5 Things to Read on Health Care Costs

This week’s reads cover efforts to shed light on hospital prices, the Trump administration's fight to lower prescription drug prices, and more.

Medicare may force hospitals down the path of price transparency

The Centers for Medicare and Medicaid Services may soon require hospitals to list their standard prices online in a way that’s easy for computers to parse. The list price is rarely what patients pay, however, so most people will have to ask their health plan what their out-of-pocket expense is likely to be. CMS Administrator Seema Verma said the agency is “just beginning on price transparency,” according to PBS News Hour.

Trump administration takes aim at drug prices

In a speech earlier this month, President Donald Trump said the pharmaceutical industry is making a fortune at Americans’ expense. The New York Times provides six takeaways from the Trump administration’s plan to chip away at that fortune and lower the price of drugs in the U.S.

Americans losing confidence in their ability to afford care

Only 62.4 percent of patients said they thought they could afford health care costs if they became seriously ill, a Commonwealth Fund report found — down from 70 percent in 2015. People living below 250 percent of the federal poverty level, young adults, women, people with health problems and people ages 50 to 64 also had significant declines in confidence in their ability to afford health care.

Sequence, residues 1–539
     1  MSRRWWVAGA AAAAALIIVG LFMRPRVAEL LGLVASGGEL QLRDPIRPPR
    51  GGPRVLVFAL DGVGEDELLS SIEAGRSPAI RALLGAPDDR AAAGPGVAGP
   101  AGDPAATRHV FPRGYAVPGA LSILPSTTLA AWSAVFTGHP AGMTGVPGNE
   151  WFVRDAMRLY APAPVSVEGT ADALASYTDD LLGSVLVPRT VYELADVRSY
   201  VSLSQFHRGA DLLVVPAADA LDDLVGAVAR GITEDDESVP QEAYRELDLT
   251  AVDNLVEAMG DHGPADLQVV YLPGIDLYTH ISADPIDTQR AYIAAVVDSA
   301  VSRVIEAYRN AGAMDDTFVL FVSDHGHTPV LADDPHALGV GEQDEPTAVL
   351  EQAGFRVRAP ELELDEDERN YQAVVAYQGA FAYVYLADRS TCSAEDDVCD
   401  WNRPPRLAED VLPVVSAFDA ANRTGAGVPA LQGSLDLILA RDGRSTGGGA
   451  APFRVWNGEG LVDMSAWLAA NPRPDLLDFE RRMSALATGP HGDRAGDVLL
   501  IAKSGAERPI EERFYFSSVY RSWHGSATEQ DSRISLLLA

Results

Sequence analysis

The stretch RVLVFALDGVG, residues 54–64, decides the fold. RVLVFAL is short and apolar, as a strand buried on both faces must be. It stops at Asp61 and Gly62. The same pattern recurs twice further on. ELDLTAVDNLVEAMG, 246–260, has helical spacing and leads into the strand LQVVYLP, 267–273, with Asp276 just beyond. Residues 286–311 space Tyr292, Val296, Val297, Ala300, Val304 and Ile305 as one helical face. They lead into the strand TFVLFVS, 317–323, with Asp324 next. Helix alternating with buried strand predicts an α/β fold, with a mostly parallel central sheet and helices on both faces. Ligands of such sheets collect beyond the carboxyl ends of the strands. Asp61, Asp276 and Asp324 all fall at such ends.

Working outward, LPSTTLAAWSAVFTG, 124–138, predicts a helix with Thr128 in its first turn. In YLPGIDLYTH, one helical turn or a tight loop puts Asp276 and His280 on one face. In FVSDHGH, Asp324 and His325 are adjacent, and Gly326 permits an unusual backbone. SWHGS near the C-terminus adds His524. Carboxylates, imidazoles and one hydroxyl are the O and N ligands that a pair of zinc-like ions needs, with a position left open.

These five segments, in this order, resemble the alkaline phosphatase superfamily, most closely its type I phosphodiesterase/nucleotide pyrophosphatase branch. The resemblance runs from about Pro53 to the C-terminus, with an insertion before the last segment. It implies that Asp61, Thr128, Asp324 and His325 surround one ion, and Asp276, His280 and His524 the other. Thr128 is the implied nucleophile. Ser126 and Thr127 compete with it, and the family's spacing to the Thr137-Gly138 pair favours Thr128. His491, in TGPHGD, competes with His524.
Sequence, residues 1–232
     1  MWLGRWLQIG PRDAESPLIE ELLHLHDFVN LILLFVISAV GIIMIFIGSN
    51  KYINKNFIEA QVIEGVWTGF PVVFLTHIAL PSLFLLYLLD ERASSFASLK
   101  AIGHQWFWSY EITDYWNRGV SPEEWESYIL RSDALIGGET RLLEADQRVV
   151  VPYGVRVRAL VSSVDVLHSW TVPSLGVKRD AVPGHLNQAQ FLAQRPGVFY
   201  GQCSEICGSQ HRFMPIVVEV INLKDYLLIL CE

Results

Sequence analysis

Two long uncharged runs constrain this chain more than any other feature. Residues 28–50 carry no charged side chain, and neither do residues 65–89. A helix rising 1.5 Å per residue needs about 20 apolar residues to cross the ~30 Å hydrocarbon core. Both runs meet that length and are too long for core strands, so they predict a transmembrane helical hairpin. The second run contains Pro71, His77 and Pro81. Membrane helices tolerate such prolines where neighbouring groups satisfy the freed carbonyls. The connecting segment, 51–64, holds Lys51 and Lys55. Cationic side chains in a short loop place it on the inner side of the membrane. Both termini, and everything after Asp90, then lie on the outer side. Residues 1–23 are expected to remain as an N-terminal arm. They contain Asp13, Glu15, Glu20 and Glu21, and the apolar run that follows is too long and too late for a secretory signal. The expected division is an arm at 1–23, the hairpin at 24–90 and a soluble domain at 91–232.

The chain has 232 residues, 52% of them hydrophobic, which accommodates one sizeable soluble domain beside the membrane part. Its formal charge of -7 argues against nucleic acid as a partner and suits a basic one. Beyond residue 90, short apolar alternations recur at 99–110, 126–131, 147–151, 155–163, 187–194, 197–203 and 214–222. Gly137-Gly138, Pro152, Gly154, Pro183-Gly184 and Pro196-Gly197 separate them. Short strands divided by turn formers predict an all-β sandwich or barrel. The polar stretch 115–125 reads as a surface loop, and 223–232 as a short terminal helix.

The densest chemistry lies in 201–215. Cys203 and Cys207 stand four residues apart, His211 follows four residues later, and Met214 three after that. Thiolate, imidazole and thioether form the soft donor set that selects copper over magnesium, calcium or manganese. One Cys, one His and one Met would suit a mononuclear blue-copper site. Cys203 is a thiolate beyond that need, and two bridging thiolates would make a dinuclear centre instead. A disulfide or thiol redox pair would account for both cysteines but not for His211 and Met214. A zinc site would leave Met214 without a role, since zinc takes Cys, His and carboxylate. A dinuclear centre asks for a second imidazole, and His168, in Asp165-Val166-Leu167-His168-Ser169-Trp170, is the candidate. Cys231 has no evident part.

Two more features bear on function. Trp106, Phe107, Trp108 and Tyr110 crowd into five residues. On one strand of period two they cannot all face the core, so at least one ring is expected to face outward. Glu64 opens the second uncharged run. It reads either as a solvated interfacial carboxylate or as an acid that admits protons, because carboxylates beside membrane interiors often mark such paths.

Same hospital, same MRI — huge price difference

Using data from large national health insurers, researchers looked at how much each insurer paid for a basic procedure, like an MRI, within the same hospital. They found the prices vary greatly from insurer to insurer. The findings suggest “that the relative bargaining power of insurers with hospitals can strongly influence price levels.” Read more from Vox.

What happened to U.S. health spending after 1980?

Before the ‘80s, the United States had roughly the same per capita health spending and the same life expectancy of other developed nations. But after 1980, the U.S. started spending more and dropped to the bottom for life expectancy. A health policy expert examines what could have caused this divergence in the New York Times’ Upshot blog.

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